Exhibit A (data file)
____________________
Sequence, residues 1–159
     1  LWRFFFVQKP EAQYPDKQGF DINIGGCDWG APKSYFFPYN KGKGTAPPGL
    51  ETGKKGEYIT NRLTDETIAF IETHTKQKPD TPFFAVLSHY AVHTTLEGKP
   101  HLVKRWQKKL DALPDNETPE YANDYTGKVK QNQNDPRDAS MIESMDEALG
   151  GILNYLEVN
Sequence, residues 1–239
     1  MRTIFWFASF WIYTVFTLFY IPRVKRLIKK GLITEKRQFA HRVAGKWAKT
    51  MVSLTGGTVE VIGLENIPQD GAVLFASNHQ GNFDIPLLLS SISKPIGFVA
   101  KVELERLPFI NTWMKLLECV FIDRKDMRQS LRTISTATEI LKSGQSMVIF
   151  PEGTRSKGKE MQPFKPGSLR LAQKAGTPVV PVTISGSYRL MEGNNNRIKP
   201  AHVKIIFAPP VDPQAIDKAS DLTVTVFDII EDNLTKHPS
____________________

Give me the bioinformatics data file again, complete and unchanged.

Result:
Sequence, residues 1–159
     1  LWRFFFVQKP EAQYPDKQGF DINIGGCDWG APKSYFFPYN KGKGTAPPGL
    51  ETGKKGEYIT NRLTDETIAF IETHTKQKPD TPFFAVLSHY AVHTTLEGKP
   101  HLVKRWQKKL DALPDNETPE YANDYTGKVK QNQNDPRDAS MIESMDEALG
   151  GILNYLEVN
Sequence, residues 1–239
     1  MRTIFWFASF WIYTVFTLFY IPRVKRLIKK GLITEKRQFA HRVAGKWAKT
    51  MVSLTGGTVE VIGLENIPQD GAVLFASNHQ GNFDIPLLLS SISKPIGFVA
   101  KVELERLPFI NTWMKLLECV FIDRKDMRQS LRTISTATEI LKSGQSMVIF
   151  PEGTRSKGKE MQPFKPGSLR LAQKAGTPVV PVTISGSYRL MEGNNNRIKP
   201  AHVKIIFAPP VDPQAIDKAS DLTVTVFDII EDNLTKHPS